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Why is it that when bacteria gather together in large communal groups called biofilms, they gain super resistance to antibiotics? Recent research at the Weizmann Institute of Science provides an unusual explanation for this resistance: the bacteria erect a bone-hard fortress around their colony that repels the drugs. In the future, the findings, which recently appeared in a new journal from the Nature Publishing Group – npj Biofilms and Microbiomes – may help scientists devise better methods for treating many biofilm-associated microbial diseases.
Biofilms were known to be held together by organic molecules called exopolysaccharides. Dr. Ilana Kolodkin-Gal, who led the experiment together with Dr. Yaara Oppenheimer-Shaanan, a senior intern in her lab in the Molecular Genetics Department, realized, however, that these complex sugars cannot explain why these structures are so long-lasting, or why the bacteria in them are so able to resist antibiotics.
The research group grew common soil bacteria that form large, stable biofilms, placing them in different conditions and at varying levels of available carbon (e.g. carbon dioxide). The team then bleached the biofilms to clear away the organic matter. What was left were biominerals – structures made of calcium carbonate, the hard material found in corals and the spiny exteriors of starfish.
The researchers took these bacterial colonies to the Institute’s micro-CT X-Ray, which enabled them to view the three-dimensional mineral structures the colonies had built. “The micro-CT is normally used to detect structures the size of animal bones; since these biofilms are millions of times the size of a single bacterium, we could use this equipment to observe them,” says Kolodkin-Gal. “We succeeded thanks to the technical and scientific support of Dr. Vlad Brumfeld, who valiantly adapted this technique to our research question.”
These tests and others revealed that the calcium carbonate shield the bacteria produce both protects and gives structure to the biofilm. The scientists subjected these biofilms to ethanol – a potent poison – and found that the ones with the strongest calcium carbonate fortification were over 40 times better at resisting its effects than an unprotected bacterium. In addition, the researchers found that the mineral structures provide a sort of scaffold for the characteristic “wrinkles” in the colonies’ architectural style. These three-dimensional folds in the biofilm shape may enable the colony to grow by expanding its surface area, not only giving it room for new additions but enabling the colony to take in more oxygen and get rid of carbon dioxide waste.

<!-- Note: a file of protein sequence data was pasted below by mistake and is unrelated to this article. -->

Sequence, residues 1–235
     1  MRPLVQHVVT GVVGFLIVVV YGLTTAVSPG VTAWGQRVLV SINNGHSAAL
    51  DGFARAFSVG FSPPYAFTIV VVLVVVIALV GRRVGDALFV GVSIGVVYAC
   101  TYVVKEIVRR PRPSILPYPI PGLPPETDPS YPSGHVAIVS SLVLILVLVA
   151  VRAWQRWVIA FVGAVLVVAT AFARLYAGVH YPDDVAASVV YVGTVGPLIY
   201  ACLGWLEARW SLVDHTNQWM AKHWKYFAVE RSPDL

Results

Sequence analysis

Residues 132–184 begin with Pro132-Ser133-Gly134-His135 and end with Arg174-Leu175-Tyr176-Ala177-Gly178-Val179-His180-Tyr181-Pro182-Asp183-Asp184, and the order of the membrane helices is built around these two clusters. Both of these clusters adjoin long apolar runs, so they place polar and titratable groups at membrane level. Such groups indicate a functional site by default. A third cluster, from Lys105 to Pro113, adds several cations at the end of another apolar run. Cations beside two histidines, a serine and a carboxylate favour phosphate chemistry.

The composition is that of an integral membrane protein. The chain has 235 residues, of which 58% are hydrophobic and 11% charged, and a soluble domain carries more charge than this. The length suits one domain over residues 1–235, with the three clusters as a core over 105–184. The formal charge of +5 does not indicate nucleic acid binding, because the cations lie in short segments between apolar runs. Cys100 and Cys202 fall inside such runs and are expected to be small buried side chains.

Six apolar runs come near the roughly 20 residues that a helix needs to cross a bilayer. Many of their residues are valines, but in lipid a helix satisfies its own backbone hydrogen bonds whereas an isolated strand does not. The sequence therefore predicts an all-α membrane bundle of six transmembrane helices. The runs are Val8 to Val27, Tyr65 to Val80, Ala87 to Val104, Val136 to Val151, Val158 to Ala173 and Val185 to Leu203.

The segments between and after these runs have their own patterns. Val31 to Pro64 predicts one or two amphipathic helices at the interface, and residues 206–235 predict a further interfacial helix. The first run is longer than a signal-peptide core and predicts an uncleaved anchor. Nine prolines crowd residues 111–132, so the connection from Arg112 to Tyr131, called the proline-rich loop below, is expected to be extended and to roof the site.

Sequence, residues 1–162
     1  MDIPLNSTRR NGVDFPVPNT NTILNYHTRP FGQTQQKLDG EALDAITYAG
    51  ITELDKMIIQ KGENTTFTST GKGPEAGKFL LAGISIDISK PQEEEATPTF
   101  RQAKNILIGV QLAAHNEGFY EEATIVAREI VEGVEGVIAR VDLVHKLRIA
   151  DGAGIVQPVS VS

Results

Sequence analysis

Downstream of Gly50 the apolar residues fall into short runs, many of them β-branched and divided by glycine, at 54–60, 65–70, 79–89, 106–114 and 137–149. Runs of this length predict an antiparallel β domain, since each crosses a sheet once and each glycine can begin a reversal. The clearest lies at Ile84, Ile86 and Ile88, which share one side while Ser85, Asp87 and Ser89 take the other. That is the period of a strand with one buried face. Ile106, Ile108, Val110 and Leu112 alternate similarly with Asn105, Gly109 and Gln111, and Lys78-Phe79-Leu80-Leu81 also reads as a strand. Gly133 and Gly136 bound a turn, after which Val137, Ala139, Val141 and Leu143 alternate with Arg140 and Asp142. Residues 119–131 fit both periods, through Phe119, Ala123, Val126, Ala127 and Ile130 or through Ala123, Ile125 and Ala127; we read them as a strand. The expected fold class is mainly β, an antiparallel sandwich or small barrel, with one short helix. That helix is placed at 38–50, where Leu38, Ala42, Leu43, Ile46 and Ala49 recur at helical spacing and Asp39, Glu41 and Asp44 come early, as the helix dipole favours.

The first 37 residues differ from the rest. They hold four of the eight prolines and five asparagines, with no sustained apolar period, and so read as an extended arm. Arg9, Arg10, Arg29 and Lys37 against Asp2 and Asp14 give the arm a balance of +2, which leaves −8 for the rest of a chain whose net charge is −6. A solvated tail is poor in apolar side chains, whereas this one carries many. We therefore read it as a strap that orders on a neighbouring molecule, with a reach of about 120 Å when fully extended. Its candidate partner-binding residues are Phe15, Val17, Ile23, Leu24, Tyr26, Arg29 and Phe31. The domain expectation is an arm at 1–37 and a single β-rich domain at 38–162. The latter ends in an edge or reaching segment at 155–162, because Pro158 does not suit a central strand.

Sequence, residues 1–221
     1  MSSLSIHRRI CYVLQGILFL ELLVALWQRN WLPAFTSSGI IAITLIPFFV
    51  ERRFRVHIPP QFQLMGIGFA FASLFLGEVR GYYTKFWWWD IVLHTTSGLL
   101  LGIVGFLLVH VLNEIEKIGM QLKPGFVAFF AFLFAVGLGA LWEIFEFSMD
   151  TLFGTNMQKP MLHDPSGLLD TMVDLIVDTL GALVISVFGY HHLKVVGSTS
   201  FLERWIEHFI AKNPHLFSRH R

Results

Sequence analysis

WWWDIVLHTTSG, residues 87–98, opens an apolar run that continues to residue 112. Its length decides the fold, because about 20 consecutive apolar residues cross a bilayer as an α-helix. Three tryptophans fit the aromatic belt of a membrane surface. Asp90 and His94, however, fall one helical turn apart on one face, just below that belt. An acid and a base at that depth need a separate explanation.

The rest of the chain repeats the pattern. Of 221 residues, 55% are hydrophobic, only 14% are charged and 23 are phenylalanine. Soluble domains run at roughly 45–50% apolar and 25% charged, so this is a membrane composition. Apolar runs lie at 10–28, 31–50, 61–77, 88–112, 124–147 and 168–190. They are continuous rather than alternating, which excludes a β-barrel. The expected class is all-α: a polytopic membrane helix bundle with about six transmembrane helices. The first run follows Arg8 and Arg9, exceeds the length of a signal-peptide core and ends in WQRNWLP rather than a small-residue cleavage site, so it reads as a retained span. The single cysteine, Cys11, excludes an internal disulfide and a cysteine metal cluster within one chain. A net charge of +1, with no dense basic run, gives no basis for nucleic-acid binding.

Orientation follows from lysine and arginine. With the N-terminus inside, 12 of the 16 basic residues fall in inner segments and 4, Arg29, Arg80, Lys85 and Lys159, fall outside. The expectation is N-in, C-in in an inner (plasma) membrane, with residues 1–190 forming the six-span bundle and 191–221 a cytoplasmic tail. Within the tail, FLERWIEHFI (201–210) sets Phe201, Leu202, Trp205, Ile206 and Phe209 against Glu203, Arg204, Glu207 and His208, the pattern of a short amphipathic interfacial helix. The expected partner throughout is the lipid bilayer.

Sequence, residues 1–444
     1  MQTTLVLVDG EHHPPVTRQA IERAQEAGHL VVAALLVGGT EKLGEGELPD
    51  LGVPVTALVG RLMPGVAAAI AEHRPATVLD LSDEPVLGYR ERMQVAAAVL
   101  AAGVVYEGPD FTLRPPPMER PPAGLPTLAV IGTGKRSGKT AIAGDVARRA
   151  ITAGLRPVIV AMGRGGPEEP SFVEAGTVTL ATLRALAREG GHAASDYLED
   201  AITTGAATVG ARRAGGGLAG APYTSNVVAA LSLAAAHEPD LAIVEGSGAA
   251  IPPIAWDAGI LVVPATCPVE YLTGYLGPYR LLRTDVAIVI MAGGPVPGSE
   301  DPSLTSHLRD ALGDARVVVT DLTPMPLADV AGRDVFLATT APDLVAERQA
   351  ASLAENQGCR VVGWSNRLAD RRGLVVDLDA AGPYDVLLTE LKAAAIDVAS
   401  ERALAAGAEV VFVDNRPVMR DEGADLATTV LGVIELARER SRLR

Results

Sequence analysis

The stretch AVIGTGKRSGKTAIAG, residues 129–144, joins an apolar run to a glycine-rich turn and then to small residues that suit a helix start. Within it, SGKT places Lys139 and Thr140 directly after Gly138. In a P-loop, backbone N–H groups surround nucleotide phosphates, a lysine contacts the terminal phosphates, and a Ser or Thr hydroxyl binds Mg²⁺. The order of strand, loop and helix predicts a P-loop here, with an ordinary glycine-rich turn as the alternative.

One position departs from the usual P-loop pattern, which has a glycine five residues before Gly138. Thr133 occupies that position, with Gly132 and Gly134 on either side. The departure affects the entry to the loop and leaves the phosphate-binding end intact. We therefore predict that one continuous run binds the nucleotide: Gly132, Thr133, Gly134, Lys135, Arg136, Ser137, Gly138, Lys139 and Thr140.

Kolodkin-Gal: “Biofilms may produce these hard mineral structures – rather like the way in which corals build their reefs: Each bacterium produces and excretes granules of calcium carbonate, based on its communications with its neighbors and the way it senses its environment. Thus an intricate structure emerges, although there is no master plan or overseer.”
How do the bacterial genes for biomineralization, which the team identified, lead to the formation of the hard biofilm structures? Kolodkin-Gal and her team intend to continue researching this phenomenon. To this end, they have engaged the help of Profs. Steve Weiner and Lia Addadi of the Structural Biology Department. Weiner and Addadi are experts in biomineralization. Over the course of their careers, the two have unraveled the mystery of this process for a number of large, multi-celled organisms, for example spiny sea urchins, and now it seems their insights might be applicable to bacteria.
In addition to finding out how these fortress-like structures are made, the team is determined to understand how they can breached. “The biofilms that the tuberculosis bacteria form, for example, contribute to the fact that the treatment is effective only if taken for at least six months, while the disease is rapidly becoming resistant to many kinds of antibiotics. If we can prevent the bacteria from hiding behind the calcium carbonate structures, we might be able to kill them more quickly, easily and thoroughly,” says Kolodkin-Gal.
Ilana Kolodkin Gal's research is supported by the Benoziyo Fund for the Advancement of Science; the Abramson Family Center for Young Scientists; the Leo and Julia Forchheimer Center for Molecular Genetics; the Adelis Foundation; the Abraham and Sonia Rochlin Foundation; the Angel Faivovich Foundation for Ecological Research; the Lord Sieff of Brimpton Memorial Fund; the Larson Charitable Foundation; Ayala Benjamin-Mashat, Switzerland; Lois Rosen, Los Angeles, CA; Dan and Susan Kane, Westlake Village, CA; the late Rudolfine Steindling; and the estate of Samuel and Alwyn J. Weber. Dr. Koldkin-Gal is the incumbent of the Rowland and Sylvia Schaefer Career Development Chair in Perpetuity.